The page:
The Salt Lake Advantage: Metro to Mountain in Thirty Minutes

The locals here in Salt Lake tried to brace me for the bad news. There was a sense of frustration in their voices, a sadness amongst their sighs. Last year they had 783 inches of snow, and this year they are under 400. It’s the worst winter in recent memory, they tell me (average is 500/yr).

Well, if that’s the case, I’ll say this: The worst winter in Utah is as good, if not better, than the best at 95% of the other ski hubs in the United States. I grew up skiing on the east coast in the Pocono mountain range, about two hours from Philadelphia. I remember learning to ski at Blue Mountain, navigating the brown patches of grass that stuck out from the thin layer of snow.

Compare that to Salt Lake, where the base in some resorts is still approaching 90 inches at the end of March, despite enduring a “down year.” There is a storm that is supposed to hit the area this weekend, a “small one” – only seven inches.

That is what rocks about Utah: Even when it doesn’t snow, it snows.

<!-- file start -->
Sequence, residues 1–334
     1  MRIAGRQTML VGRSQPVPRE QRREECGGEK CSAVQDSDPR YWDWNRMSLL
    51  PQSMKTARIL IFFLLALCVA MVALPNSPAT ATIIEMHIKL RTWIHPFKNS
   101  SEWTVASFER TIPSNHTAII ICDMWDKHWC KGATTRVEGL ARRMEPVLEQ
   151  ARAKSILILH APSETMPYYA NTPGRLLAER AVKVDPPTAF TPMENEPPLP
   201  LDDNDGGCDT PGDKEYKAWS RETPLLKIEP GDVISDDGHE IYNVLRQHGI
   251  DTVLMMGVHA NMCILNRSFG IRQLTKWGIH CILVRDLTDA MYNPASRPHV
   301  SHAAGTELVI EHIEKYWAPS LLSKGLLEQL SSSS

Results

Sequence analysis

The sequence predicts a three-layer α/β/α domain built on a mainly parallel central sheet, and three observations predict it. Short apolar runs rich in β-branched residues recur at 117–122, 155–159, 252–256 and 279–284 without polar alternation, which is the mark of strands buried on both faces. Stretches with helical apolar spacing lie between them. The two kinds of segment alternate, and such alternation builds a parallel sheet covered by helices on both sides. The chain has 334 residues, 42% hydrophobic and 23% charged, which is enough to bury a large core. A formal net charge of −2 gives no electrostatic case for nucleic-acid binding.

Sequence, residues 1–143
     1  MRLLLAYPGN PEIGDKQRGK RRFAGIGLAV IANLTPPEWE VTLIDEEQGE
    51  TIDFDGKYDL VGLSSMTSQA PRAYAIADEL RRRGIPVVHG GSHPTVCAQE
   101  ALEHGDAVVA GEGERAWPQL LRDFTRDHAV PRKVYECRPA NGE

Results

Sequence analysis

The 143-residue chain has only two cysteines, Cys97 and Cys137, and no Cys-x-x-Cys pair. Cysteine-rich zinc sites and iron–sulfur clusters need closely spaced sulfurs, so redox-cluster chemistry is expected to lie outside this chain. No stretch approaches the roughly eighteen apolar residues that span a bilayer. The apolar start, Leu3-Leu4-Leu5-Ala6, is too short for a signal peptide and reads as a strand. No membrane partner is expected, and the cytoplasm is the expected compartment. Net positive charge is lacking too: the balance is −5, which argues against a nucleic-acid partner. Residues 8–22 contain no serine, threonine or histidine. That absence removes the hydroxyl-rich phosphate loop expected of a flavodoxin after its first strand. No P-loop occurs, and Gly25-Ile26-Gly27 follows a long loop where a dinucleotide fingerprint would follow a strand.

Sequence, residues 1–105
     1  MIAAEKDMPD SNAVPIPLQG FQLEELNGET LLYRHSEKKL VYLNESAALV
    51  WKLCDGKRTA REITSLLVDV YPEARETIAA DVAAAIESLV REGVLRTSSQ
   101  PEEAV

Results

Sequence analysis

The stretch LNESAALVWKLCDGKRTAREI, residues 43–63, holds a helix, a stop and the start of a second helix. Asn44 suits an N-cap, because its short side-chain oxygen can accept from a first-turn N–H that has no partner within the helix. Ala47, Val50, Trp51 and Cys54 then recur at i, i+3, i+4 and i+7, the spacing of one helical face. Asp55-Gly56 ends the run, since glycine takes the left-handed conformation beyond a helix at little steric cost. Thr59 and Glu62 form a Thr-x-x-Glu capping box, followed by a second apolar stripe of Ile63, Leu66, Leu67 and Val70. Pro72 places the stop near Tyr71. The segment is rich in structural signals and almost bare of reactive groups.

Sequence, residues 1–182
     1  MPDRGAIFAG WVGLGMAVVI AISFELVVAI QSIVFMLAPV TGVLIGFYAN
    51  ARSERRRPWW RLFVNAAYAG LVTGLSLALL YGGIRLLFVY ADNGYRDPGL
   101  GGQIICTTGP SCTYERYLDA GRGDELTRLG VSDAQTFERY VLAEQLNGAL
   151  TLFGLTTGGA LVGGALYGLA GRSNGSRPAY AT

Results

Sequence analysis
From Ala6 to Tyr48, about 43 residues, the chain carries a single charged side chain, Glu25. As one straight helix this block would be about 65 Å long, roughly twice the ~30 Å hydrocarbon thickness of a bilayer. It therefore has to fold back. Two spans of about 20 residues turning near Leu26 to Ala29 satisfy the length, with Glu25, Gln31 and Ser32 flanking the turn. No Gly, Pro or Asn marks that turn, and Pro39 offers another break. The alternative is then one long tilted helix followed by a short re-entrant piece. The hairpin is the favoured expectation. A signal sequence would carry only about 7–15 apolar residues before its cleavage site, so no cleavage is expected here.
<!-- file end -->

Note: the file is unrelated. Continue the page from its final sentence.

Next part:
Accessibility is another thing that sets it apart, something I consider to be one of its greatest assets. The ski resorts are only 30-45 minutes from downtown Salt Lake, giving visitors a lot of flexibility when it comes to lodging, not to mention an easy transfer from the airport to the resorts.

Not impressed? Google some other North American ski regions and see how far they are from the center of the closest city. The resorts in Salt Lake take pride in this and they even offer free lift tickets on the day you land – all you have to do is flash your boarding pass at the ticket counter. How cool is that?

The snow itself is considered the greatest on earth by many due to its light, dry composition. Check out these photos, courtesy of Ski Utah:


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